Knock Down the House and Our View of the Political Millieu

Christ and Pop Culture | 6/20/2019 | Rachel Reon
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In the second half of 2018 and into 2019, a fresh, young, and (often) divisive woman simultaneously became a hero, a threat, a meme, and a household name. Alexandria Ocasio-Cortez, also known as AOC, captured the attention of politically attuned Americans when, at age 29, she became the youngest woman ever to serve in the United States Congress. Although outspoken and far left on the political spectrum, AOC has not been written off as the odd extremist, but appears to be considered a substantial threat to Republicans and moderate Democrats alike. Meanwhile, within the conservative evangelical circle I grew up in, people with no connection to her Bronx-Queens, NY district have suddenly displayed a near obsession with disparaging her appearance, intelligence, ethnicity, personal finances, and job as a waitress/bartender. Rarely are the critiques political.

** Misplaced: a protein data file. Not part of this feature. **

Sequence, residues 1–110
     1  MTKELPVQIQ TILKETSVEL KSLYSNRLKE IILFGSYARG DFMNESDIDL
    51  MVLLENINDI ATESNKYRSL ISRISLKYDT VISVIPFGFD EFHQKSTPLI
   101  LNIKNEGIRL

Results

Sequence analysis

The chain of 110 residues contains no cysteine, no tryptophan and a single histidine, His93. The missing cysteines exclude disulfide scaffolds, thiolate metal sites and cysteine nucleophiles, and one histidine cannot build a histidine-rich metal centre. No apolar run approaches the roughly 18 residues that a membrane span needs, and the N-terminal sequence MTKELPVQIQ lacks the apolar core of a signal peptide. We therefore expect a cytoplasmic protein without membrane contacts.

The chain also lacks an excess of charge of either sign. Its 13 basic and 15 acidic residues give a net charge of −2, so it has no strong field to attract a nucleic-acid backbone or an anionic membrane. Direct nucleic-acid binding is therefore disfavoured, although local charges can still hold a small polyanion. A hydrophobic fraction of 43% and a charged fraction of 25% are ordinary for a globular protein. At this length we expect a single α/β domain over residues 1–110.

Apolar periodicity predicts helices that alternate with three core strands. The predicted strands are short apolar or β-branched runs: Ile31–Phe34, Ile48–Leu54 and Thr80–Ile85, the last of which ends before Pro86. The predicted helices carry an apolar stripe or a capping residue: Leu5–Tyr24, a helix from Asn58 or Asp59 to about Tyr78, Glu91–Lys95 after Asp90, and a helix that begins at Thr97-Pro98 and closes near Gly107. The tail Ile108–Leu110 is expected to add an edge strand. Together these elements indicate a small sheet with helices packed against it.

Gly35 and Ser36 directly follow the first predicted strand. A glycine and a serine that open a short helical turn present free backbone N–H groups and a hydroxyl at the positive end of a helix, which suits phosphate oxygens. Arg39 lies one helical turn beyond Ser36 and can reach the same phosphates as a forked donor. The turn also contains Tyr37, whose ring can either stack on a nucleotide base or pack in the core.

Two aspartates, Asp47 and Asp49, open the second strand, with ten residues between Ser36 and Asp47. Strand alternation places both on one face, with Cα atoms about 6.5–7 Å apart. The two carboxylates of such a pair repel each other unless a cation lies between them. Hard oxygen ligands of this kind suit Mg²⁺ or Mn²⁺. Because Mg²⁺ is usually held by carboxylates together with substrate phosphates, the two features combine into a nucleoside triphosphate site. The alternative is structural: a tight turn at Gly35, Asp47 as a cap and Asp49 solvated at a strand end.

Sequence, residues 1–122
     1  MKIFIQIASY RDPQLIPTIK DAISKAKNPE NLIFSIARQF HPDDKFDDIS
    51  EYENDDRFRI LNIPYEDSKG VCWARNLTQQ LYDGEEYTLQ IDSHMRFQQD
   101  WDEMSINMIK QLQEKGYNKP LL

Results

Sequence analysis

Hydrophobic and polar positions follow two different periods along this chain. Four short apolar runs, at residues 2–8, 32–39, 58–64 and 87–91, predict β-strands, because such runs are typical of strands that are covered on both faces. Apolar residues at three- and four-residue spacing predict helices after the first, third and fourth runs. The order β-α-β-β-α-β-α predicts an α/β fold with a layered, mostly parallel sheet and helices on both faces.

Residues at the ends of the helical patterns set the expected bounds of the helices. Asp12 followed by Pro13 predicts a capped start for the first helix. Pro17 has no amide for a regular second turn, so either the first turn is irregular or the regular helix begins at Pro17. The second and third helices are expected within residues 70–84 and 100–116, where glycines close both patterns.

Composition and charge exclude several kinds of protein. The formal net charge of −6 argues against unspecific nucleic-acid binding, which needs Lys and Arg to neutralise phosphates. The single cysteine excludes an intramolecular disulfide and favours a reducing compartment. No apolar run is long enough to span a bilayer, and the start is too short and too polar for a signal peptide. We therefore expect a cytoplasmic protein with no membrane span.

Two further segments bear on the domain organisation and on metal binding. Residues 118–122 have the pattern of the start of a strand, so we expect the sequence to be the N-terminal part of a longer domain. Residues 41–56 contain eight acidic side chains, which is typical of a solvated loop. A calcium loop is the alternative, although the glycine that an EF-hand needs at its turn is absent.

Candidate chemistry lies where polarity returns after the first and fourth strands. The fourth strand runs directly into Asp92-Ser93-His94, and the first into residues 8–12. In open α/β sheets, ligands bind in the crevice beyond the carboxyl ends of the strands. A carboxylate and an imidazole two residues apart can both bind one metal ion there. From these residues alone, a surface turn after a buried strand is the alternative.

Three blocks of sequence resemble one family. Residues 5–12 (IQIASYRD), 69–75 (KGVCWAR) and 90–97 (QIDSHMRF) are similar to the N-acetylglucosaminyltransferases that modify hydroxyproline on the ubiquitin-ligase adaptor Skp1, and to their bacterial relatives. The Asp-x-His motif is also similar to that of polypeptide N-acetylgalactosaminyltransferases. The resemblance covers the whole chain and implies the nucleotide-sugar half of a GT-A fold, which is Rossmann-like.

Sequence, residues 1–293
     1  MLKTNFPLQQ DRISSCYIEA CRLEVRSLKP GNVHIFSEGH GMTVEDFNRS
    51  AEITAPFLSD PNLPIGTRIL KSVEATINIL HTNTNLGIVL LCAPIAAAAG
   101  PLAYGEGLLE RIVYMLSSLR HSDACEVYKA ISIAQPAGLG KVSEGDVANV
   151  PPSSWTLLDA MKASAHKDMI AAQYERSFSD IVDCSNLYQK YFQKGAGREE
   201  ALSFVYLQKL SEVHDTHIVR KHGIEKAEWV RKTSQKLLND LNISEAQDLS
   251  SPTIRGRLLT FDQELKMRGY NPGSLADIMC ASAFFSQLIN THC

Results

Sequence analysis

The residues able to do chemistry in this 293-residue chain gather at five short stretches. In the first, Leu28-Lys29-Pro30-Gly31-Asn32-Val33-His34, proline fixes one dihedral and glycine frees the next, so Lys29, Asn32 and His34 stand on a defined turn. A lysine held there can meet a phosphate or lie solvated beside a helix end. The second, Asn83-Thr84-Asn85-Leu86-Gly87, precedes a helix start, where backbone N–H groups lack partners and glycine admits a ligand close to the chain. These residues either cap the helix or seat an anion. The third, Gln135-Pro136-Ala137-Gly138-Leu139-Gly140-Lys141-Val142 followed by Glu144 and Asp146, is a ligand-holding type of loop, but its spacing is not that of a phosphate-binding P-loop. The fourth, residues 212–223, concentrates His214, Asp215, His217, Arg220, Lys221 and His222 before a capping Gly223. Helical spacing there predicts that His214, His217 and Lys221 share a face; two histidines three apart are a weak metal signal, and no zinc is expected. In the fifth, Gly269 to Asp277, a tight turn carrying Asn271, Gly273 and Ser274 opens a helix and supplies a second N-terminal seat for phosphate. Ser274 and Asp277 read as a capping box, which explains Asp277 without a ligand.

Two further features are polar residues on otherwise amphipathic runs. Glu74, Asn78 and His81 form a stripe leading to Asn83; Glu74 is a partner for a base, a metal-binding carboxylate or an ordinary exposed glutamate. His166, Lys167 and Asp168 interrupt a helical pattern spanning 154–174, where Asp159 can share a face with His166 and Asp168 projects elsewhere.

Netflix’s 2019 documentary Knock Down the House, directed by Rachel Lears, turns back the clock to look at the journeys of Ocasio-Cortez, along with three other women as they challenged entrenched Democrats in their Party primaries in an effort to provide better representation for everyday Americans. Although the film focuses on Ocasio-Cortez for location and budgetary reasons, it also chronicles the primary campaigns of Cori Bush, who was running in the St. Louis/Ferguson area of Missouri; Amy Vilela, who was running in Las Vegas, Nevada; and, Paula Jean Swearengin, who was challenging Senator Joe Manchin of West Virginia. Each of these women embraced a grassroots campaign where they lacked funding, name recognition, and most everything else that makes a 21st century politician successful. Yet, they were each also propelled by a deep commitment to the stories of their families and communities.

Film - Characters - Positions - Issues - Candidates

The film is inherently political, and the characters advocate for liberal positions on several issues. The candidates featured take issue with the large corporate campaign donations funding...
(Excerpt) Read more at: Christ and Pop Culture
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